TRAINING THE UPSTANDING BREEDS: Driving
by Linda C. Franklin, Belgian Terveren breeder/trainer
Provided your upstanding dog is now comfortable with and efficient at going to balance on an inside flank without sacrificing depth and width on outruns, he may be ready to start driving training in earnest.
Fetching is still important
As mentioned before, until you also teach your dog how to shut and lock a pasture gate, you most likely will still find it necessary to walk out to the area to which your dog drives stock and safely confine them. Thus, in the majority of cases, herding stock is most often handled by fetching.
I once delivered a dozen sheep to an unfamiliar destination and lady in Michigan . Since I had underestimated the length of time it would take me to drive there, I arrived well after dark. With no yard lights to illuminate our progress, we made our way over a half mile to the newly erected barn through rutted pasture, great patches of boot-sucking mud and “exciting” areas of balance-defeating ice. Driving sheep to an unknown destination in pitch blackness is not my choice nor my sheep’s!
To me, the only intelligent way to handle this situation was to lead the way with our flashlights and trust the dog to keep the stock pushed up to us. In the dark, everything startles sheep and were it not for the stock’s obedience to the dog and familiarity with me, this would have been an uncompleted job.
Another time, arriving in New Jersey the day before I was to conduct a test, I had to unload my sheep and walk them to strange confinement pens – again in total darkness. First, I walked over to the pens with my dog to get the feeling of where we needed to go and, hopefully, spot any disadvantageous pressure points that might sabotage our efforts. Nothing suggested particular trouble except that it was very obvious that we were distractingly close to the New Jersey Turnpike.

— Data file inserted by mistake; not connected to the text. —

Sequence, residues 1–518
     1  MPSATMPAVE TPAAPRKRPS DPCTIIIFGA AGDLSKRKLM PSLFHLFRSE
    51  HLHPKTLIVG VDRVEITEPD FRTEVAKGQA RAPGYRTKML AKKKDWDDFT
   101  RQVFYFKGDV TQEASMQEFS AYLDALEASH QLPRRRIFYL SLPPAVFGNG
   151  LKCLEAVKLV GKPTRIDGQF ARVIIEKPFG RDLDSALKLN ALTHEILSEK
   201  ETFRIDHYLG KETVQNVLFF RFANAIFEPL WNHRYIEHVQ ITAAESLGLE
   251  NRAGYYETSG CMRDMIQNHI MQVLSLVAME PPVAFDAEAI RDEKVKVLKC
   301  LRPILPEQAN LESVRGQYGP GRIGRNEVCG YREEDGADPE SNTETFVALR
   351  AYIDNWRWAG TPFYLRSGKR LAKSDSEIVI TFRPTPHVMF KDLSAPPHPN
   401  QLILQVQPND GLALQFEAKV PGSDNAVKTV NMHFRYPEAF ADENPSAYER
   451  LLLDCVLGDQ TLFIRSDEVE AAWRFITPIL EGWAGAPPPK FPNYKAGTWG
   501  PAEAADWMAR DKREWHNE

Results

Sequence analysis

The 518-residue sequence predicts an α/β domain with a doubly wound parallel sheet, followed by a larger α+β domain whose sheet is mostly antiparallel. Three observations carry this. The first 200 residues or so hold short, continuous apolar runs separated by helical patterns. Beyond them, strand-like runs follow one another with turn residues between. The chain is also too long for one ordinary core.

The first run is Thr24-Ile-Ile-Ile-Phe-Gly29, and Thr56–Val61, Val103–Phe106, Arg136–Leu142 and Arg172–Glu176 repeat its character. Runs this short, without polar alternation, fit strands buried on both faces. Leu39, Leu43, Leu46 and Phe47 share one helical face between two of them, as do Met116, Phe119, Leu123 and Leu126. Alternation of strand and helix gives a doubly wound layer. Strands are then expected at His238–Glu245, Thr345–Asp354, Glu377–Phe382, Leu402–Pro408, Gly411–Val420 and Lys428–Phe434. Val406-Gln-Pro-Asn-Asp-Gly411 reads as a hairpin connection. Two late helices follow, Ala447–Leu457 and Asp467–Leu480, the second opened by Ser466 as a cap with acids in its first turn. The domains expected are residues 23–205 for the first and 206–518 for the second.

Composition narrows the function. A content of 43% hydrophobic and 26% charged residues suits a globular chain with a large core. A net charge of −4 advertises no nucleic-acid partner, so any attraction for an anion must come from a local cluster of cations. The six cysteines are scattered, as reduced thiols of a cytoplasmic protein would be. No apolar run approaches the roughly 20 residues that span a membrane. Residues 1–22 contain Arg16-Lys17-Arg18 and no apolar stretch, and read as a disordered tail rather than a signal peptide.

The constant din and lights of vehicular traffic would have awakened the dead. I returned to the trailer, opened it up and the sheep, for a change, seemed eager to exit. With my trusty flashlight, I started to lead the way, only now appreciating how poor the weather was; light but driving rain with high winds that snapped and buffeted the plastic tarps surrounding the holding pens. Standing water (another high on the list of things-to-avoid-at-allcosts by the average ovine), residue of a recent hurricane that had passed down the coast that week, changed into white caps in both the hotel parking lot and the grounds we needed to traverse. The sheep gave serious thought to hoofing it back to Illinois !
Driving in this instance would not have been my preference either, no matter how capable my dog might be in that ability. We accomplished this job in short order, although going into the pens was a tad tricky since the sheep couldn’t see where they were being led and tried their hardest not to enter. By morning light, I realized the pens contained too much standing water as well, so the sheep were right; it wasn’t a great place to spend the night, even if it had been light.
The above should serve to illustrate that no matter what trial course you’re training your dog for, reliable fetching will still most likely be the work your dog will need to do much of the time. When in doubt, fetch to keep things under control. It’s a lot easier to lead sheep where they’ve never been before than to drive them to an unfamiliar place.
The Parallel Drive
With your upstanding dog’s ability to do inside flanks, parallel driving, in my opinion, should be the next thing you perfect. In this work you, as the handler, adopt a three point grouping with your sheep and dog. The dog brings up the rear behind the stock and you are somewhere between the stock and the dog, although below and parallel.
Again, I don’t prefer to use a fence for such work. Your moving with the dog and sheep makes this normally unnecessary as the dog realizes you are coming along too and so all is right in his world. If his inside flank training has been properly effective, he should be quite agreeable to parallel driving. If you need to praise the dog for staying behind in the driving position, do so – quietly and calmly.
Rating at a walk
If he tries to head on either flank instead of drive, use the “there” and “in” commands to stabilize his position and require a very slow trot or (preferably) a flat-footed walking speed. Slow him down and require him to stay off his stock Make him keep a steady pace. Do not frequently stop him, letting the sheep drift off and then let him start again. The up-down, up-down stuff is not good form. The dog must learn to rate his stock on the drive.